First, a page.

Sunday, January 17, 2016

How (not) to get your dose of bricks

I do not intend to restart this blog, in the sense that there will not be any regular new posts. But every if I find something interesting then I may publish it for the benefit of other builders.

If you are like me and like to put your next idea into the form of tangible bricks, then you need to get those bricks from somewhere. Unfortunately the LEGO company considers the sets their primary product, and while they do sell bricks online, it is not always the best option. Bricklink (and BrickOwl) is usually the way to go, but if you intend to buy a lot of bricks, even that is going to be expensive.

Just recently I have been to Legoland California and I was curious to see how its pick-a-brick wall compares to other options. Before I get there, let me show the other options I knew from before:

1. LEGO Stores typically have a pick-a-brick wall:
  • On the pro side, this can be quite a good deal. In the US, you can fill a large cup (about a pint) for $15.99 + sales tax. My unscientific guess is that it holds at least 400g worth of bricks. There is also a small cup for $7.99 + tax but it holds less than the half of the large one.
  • On the con side, the selection of bricks is still quite limited. Typically you have 6 rows and around 26 columns which gives you around 150 color-part combinations. What is available is usually a good deal, but you can clearly not expect everything.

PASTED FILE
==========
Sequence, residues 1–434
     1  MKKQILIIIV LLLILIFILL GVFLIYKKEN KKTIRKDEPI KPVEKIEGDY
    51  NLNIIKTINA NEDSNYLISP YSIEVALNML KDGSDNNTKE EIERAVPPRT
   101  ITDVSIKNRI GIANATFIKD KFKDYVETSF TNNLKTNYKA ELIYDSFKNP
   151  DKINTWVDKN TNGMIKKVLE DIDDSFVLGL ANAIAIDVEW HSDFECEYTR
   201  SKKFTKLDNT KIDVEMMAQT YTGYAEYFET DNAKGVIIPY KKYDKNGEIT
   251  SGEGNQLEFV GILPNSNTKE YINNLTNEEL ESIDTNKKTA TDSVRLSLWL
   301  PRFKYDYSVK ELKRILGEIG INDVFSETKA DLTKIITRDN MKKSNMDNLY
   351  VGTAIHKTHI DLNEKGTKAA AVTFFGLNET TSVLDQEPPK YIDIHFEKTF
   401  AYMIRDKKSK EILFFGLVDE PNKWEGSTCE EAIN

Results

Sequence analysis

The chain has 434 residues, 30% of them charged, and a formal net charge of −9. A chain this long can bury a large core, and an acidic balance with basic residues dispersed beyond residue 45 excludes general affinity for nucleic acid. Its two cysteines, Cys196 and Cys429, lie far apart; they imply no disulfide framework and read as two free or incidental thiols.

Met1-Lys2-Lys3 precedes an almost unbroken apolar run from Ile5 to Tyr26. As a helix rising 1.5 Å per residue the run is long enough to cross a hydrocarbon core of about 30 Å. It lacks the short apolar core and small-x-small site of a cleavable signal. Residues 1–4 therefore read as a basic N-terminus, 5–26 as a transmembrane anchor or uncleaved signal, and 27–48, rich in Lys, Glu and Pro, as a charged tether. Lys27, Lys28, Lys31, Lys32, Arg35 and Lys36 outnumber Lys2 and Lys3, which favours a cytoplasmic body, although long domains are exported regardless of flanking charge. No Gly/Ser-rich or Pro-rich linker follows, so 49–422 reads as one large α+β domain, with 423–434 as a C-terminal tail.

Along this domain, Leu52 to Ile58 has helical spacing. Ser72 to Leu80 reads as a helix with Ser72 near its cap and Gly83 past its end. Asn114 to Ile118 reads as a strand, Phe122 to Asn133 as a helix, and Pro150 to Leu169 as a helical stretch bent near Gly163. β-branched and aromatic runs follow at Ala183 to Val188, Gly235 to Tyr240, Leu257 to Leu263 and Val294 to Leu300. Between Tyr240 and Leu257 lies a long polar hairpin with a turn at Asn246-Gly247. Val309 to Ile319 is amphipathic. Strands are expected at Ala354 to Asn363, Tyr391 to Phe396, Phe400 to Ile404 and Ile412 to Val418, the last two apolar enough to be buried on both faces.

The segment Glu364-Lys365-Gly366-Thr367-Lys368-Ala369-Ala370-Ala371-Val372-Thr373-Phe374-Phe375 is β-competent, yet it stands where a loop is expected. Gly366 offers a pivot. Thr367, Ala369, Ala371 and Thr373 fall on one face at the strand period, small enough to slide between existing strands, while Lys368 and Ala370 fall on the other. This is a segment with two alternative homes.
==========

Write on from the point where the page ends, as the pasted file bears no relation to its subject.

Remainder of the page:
This is how the Pick-a-Brick wall looks like in the LEGO Store Disneyland in Anaheim, CA.

There is even a website dedicated to keeping you up to date with the latest selection. A word of warning: this may or may not be updated regularly.

2. Legoland Germany. This is clearly only an option if you live near the city of Ulm or you have a chance to go there. Legoland Germany has by far the best pick-a-brick selection from any store officially affiliated by LEGO. I have to admit that I have not been to Legoland Windsor or Billund recently - if you have info on that, that is appreciated. Pricing is different, last time I checked it was by weight and it was EUR 8.99 per 100g.
  • Pro: The best selection amongst offline shops. Probably around 1000 part-color combinations if not more. You still cannot expect all.
  • Con: slightly more pricey than the LEGO store walls.
So my question during my California visit today was - how does the brick selection of Legoland California hold up? Since this is a big trip for me I did some online research before. There were some indications that it will not meet my expectations, but still was curious about the truth.

Well, to summarize: it does not hold up at all. The park itself is pretty similar to Legoland Germany, with one minor difference: the pick-a-brick wall is basically unusable. You can find some bricks and buy them by the weight, but if your goal is to buy bricks, go to the closest LEGO store. You may be able to find some bricks, that are not in a Lego store, but the selection is the same or worse. 

Here is a shot to prove my point:

Lesson learned: if you have seen other Legoland parks, this will be the same. And definitely do not go there for bricks.